What began as lawsuits for forever chemicals in firefighting foam has evolved into a wide array of lawsuits, including mass torts filed by private citizens, on waterway and soil contamination. Claims involving cosmetics, food packaging materials and other consumer products are also popping up. According to Philadelphia mass tor lawyers, since PFAs are purely man-made, it will be difficult for companies to deflect liability if people are injured from these chemicals.
Potential Health Impacts of Forever Chemicals
Studies have linked PFOA and PFOS exposure to effects on the immune system, the cardiovascular system, human development, and cancer. Researchers have also found a link between toxic forever chemicals and a suppression of vaccine response in children.
According to the Agency for Toxic Substances and Disease Registry, PFAs may lead to increased risk of:
- Kidney cancer
- Testicular cancer
- Infant and fetal growth problems
- High blood pressure
- Pre-eclampsia in pregnant women
- High cholesterol levels
- Thyroid disease
- Ulcerative colitis
- Decreased vaccine response in children
Can I sue for toxic forever chemicals?
Residents who suffer harm from toxic forever chemicals in their water supply may be able to file a lawsuit to hold companies responsible. There have been multiple lawsuits filed against companies, such as Dupont and 3M, for contamination from these PFAs.
The case that laid the foundation for PFAS litigation was Leach v. E. I. du Pont de Nemours & Co., No. 01-C-698. Leach was a class action lawsuit filed on behalf of approximately 80,000 residents who lived near DuPont’s Washington Works manufacturing facilities. The plaintiffs claimed that they had sustained bodily injury from PFAs used in the manufacturing of Teflon that contaminated the water supply.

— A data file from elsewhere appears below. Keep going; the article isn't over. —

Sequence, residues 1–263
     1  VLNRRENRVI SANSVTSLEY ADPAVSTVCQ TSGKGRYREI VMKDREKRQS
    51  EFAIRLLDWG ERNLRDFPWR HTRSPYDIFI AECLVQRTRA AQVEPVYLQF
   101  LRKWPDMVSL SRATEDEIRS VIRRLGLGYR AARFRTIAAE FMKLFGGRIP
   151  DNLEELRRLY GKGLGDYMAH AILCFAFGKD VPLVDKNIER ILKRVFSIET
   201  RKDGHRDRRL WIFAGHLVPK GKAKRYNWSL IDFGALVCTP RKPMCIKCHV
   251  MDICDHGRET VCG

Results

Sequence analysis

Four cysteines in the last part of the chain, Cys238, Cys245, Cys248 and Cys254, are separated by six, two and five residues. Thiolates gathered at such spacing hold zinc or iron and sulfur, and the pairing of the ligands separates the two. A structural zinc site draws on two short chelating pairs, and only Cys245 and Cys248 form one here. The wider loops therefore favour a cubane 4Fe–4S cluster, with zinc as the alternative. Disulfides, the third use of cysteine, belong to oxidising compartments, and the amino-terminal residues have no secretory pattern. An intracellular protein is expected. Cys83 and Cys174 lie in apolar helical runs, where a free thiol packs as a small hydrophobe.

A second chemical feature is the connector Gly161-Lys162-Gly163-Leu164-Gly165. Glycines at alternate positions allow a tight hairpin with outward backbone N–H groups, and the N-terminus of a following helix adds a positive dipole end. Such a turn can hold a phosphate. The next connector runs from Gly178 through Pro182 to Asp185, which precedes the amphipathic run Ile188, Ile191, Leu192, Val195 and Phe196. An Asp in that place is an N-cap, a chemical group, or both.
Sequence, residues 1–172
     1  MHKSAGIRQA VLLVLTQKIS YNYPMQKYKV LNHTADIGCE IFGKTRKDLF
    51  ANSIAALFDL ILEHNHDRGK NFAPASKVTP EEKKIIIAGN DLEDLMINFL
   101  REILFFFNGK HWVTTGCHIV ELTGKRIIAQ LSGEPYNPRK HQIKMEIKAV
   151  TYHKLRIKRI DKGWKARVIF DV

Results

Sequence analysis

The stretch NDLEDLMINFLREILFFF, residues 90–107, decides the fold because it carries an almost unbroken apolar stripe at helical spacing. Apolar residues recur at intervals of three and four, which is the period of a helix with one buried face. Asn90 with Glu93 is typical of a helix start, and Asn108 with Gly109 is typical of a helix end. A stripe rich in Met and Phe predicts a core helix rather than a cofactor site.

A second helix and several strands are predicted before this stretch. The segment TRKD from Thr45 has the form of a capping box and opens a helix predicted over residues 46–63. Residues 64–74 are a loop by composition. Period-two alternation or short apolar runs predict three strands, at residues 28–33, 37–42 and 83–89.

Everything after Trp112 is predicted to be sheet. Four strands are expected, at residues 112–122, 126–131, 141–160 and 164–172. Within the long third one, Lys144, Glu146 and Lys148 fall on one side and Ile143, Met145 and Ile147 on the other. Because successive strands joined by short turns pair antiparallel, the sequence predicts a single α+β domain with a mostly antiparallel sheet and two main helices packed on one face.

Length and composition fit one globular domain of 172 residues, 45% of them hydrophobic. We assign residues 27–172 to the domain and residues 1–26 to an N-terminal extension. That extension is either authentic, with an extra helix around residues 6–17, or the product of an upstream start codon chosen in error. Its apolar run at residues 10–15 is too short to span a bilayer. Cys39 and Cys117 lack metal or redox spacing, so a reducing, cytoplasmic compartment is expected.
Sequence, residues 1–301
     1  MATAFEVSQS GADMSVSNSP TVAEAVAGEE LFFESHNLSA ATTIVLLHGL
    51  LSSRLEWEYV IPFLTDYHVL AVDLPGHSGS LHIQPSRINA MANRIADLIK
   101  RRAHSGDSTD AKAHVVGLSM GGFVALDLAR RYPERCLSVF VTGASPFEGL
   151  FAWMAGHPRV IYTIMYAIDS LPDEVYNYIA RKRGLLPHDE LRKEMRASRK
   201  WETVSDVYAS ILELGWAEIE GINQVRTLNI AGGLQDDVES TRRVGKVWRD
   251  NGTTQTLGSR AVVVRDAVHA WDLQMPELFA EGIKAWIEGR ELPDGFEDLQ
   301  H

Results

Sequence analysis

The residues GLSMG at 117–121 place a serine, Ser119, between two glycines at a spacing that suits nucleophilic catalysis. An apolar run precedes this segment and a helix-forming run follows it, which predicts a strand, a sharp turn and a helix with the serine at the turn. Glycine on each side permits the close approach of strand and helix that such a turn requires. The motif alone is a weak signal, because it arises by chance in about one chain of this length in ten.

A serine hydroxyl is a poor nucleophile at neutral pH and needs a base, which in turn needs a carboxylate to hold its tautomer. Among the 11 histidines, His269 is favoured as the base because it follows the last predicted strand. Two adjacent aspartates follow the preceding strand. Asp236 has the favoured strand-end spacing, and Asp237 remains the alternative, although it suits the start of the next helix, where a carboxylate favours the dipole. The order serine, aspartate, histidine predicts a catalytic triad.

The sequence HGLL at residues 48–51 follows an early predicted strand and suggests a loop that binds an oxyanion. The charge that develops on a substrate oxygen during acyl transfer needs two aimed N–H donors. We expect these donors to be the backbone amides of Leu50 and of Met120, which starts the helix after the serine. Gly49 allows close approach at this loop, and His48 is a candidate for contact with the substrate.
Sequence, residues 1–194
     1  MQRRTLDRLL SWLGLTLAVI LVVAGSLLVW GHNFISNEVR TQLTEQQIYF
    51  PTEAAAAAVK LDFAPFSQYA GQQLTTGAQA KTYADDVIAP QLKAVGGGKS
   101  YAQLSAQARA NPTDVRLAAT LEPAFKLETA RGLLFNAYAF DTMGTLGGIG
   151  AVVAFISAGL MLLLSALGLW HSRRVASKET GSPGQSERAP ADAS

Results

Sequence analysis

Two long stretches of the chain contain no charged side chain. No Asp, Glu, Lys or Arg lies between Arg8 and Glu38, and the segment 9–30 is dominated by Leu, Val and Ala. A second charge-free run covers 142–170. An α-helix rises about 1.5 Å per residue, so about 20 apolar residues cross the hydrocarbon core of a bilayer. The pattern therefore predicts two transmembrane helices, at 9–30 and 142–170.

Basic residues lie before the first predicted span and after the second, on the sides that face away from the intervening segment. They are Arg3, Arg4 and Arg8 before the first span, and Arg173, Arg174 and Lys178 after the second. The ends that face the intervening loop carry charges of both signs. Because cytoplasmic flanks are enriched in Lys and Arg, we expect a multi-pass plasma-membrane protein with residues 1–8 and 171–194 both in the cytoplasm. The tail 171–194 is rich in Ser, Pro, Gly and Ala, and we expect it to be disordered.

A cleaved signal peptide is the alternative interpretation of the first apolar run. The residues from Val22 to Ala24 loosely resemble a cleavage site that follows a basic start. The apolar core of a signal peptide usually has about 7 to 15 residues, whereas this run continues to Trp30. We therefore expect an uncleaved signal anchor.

Dupont was required to fund a health project to gather data and determine whether a “probable link” existed between PFAS exposure and any diseases. In 2011 a review panel determined that a probable link existed between PFAS exposure and several diseases: kidney and testicular cancer, pregnancy induced hypertension, preeclampsia, thyroid disease, ulcerative colitis and high cholesterol.
Approximately 3,500 members of the original Leach class who had developed one or more of the Probable Link Diseases, filed bodily injury and wrongful death suits which were consolidated into MDL 2433. Dupont chose to take 3 cases to trial, and each case resulted in substantial verdicts for the plaintiffs.
Contact Philadelphia mass tort lawyers at the Wieand Law Firm about Harm from Forever Chemicals
The Wieand Law Firm represents individuals who have been harmed or sustained injury from forever chemicals. Our lawyers will offer a free, private consultation to discuss your concerns and legal options. As more information continues to come to light, it’s anticipated that the number of individuals affected with health problems from forever chemicals will continue to escalate. Call 215-666-7777 today or send a message on the online form to find out more about your legal rights.